Hunting is in the details. Those little holes in your plan that let the water seep in and drown your chances. Let’s begin by addressing the little stuff. As a general rule remember: Cotton Kills. Don’t ever wear cotton in the backcountry! Cotton gets wet and losses it’s insulation value, then takes forever to dry out to boot!
When you start shopping for serious rain gear start by buying water proof boots and make sure they hold water! Literally pour a measured amount of water into the boot, let sit a few minutes, and then pour the water out and measure it. See how much you lost, of course some got absorbed, but if you’re missing 70% of the water you’re in trouble if you slip into the creek!
Socks, headgear and gloves should all be smart wool or merino wool. The new stuff isn’t nearly as itchy as old wool and was engineered to perform like a champ in the woods. Wool is lightweight, quiet, dries fast and will keep you warm even if wet. I don’t ever leave without at least a few hand warmers stuffed in my pack just in case. A little canned heat from these chemical packets can be all it takes to wait out Mr. Big into bow range.
Anything that can be reasonably sprayed or sealed… do it! New products have scentless silicone sprays that can coat fabrics to be water resistant. Backpacks, sleeping bag covers, or hats, gloves or even seats can be coated to be water resistant. Even if an item (like a seat) doesn’t need to be water tight, being treated with water resistant silicone keeps the fabric from absorbing water and can simply be wiped off.
How to Waterproof Your Hunting Gear
The first step to keeping dry is to keep your gear dry. When you buy gear consider that one day you might drop it in a stream, get caught in a down pour, or drive into a thunderstorm on your way to the hunt. Buy backpacks with storm flaps over the zippers and made of quality water resistant materials.
Even if you don’t plan on seeing rain or snow on your trip pack all your gear in water proof stuff sacks. It organizes all your gear and protects it from getting dirty if you need to repack your gear or get something from the very bottom. At the very least it protects you from having to clean blood of all your gear if you have to haul meat out of the back country.
Next double bag items like: sleeping bags, extra clothes, first aid kits, and fire starting kits by putting them in a Ziploc bags before you put them into their stuff sack. Also consider lining your whole backpack with a contractor grade trash bag then putting your stuff sacks in that. This is all extra insurance if you see trouble on the horizon the weatherman didn’t mention.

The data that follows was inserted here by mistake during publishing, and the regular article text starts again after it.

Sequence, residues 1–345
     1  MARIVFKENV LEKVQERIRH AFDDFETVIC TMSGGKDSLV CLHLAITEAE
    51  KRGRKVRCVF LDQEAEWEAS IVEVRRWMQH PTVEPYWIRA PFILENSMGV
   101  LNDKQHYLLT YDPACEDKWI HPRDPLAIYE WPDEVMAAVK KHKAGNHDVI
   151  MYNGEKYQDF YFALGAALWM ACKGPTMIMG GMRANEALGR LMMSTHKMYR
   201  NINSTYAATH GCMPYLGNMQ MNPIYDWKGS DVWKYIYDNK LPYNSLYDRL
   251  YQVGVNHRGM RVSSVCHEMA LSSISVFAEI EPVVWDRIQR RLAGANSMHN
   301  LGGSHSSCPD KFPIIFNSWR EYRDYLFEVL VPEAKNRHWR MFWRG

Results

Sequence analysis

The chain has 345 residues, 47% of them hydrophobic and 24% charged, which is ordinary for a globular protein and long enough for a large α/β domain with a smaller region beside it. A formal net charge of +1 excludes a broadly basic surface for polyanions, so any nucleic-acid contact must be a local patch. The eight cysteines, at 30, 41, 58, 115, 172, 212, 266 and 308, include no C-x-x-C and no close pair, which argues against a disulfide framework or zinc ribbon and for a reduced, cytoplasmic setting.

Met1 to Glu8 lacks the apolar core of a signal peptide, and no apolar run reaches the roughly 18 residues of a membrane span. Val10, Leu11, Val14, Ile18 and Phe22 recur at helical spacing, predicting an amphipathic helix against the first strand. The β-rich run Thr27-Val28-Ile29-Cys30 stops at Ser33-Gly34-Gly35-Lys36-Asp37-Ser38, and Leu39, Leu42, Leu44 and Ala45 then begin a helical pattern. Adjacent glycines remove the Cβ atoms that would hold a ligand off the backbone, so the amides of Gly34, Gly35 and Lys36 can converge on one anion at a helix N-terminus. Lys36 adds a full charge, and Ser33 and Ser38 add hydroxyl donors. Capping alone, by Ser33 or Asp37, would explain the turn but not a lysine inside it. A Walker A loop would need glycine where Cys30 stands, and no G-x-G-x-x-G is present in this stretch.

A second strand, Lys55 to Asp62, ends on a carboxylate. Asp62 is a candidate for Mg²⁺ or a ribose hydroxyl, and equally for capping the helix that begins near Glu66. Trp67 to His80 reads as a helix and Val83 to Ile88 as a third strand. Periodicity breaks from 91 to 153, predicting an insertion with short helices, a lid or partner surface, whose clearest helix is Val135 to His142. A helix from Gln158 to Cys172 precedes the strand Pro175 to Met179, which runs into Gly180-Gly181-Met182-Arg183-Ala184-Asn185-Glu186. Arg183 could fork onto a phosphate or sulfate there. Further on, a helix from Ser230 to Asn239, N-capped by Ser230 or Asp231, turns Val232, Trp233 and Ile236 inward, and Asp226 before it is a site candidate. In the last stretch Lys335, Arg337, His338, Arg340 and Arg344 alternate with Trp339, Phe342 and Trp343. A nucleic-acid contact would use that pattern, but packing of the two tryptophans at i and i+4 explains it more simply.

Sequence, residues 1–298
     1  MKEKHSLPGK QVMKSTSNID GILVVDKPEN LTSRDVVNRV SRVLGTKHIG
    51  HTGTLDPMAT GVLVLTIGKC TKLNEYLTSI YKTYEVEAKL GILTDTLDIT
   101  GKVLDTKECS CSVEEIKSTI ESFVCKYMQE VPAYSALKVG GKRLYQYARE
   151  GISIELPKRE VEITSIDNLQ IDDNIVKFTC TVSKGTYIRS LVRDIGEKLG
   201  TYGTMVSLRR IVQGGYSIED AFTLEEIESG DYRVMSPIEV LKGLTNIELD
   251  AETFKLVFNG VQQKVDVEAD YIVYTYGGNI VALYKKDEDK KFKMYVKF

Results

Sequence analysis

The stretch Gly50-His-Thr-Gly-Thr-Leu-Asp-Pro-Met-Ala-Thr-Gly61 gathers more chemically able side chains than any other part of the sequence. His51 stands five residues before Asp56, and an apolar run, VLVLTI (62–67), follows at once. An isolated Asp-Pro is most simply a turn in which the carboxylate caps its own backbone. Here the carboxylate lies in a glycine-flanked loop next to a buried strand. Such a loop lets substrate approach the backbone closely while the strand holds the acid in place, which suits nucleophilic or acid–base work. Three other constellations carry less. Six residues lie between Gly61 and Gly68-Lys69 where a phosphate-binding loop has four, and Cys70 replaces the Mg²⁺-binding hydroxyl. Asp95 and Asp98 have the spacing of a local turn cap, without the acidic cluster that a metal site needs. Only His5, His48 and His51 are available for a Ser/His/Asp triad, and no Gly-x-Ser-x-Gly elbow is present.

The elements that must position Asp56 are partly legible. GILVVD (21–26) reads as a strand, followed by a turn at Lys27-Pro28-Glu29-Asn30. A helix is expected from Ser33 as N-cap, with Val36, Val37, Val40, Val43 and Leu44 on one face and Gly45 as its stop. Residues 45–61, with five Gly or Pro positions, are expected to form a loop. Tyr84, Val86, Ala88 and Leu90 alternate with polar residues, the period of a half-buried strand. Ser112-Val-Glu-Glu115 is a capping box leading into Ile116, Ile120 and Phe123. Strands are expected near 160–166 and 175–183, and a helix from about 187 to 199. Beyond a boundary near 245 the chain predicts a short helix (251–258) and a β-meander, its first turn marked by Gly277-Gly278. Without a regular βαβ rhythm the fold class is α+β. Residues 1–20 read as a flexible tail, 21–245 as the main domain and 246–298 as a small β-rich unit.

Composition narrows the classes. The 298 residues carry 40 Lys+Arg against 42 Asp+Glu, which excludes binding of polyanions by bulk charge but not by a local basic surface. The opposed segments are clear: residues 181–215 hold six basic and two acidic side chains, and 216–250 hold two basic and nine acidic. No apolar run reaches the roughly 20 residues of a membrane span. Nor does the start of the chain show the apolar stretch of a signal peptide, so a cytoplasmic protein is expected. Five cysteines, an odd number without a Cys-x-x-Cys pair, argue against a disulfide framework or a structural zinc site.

Leave yourself enough time to pack your bag so you don’t have to worry about anything!
Water Proof Vs. DWR
Let’s dispel some marketing gimmicks: waterproof vs Durable Water Resistant.
Waterproof means very, very little water will get through if we make a bag out of the material and fill it with water. Durable Water Resistant (DWR) means if you splash water up against it, water won’t get through. The problem with DWR fabric can, and does absorb water and then starts to wick water to the inside of the fabric. DWR is fine, even a bonus, for inner layers but for a shell water proofing is needed. A material like Gore-Tex or PolarTec fleece that is windproof and water proof is needed for outer layers if tough elements are in the plans.
There are many laminates now on the market with varying degrees of quality but the standard remains Gore-Tex. The rub with Gore-Tex and similar quality material is the price. This isn’t the gear to hand off to a young hunter who rolls around in the mud. Keeping these garments clean is extremely important to not block the pores that allow sweat to escape.
Cheaper laminates such as Frogg Toggs are simply awesome. The price is right and a huge advantage that seems trivial now is: duct tape sticks to it. Duct tape won’t stick to Gore-Tex, fleece, nylon or other materials made with silicone or polyurethane. If you chose Gore-Tex be sure to buy a patch kit and carry the kit in case you slip and tear your coat, bib or pants.
Waterproof or DWR, the fabrics work best if left in one piece.
Size & Pockets
When you first start trying on rain gear try and gravitate towards models specifically designed for hunting. Your rain gear can benefit from being camo and the cuts on hunting came is generous to allow free movement and extra layers. The biggest concern for hunter is being able to access and use equipment when you need it quickly.